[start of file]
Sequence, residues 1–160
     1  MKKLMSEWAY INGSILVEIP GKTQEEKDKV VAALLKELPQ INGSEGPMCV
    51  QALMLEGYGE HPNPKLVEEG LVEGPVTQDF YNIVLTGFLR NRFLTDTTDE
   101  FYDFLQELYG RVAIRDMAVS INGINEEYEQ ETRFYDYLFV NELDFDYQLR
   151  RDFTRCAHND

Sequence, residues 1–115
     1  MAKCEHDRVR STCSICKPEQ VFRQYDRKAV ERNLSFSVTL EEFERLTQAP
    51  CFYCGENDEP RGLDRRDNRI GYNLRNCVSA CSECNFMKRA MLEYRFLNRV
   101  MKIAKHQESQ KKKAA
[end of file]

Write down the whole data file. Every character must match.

Sequence, residues 1–160
     1  MKKLMSEWAY INGSILVEIP GKTQEEKDKV VAALLKELPQ INGSEGPMCV
    51  QALMLEGYGE HPNPKLVEEG LVEGPVTQDF YNIVLTGFLR NRFLTDTTDE
   101  FYDFLQELYG RVAIRDMAVS INGINEEYEQ ETRFYDYLFV NELDFDYQLR
   151  RDFTRCAHND

Sequence, residues 1–115
     1  MAKCEHDRVR STCSICKPEQ VFRQYDRKAV ERNLSFSVTL EEFERLTQAP
    51  CFYCGENDEP RGLDRRDNRI GYNLRNCVSA CSECNFMKRA MLEYRFLNRV
   101  MKIAKHQESQ KKKAA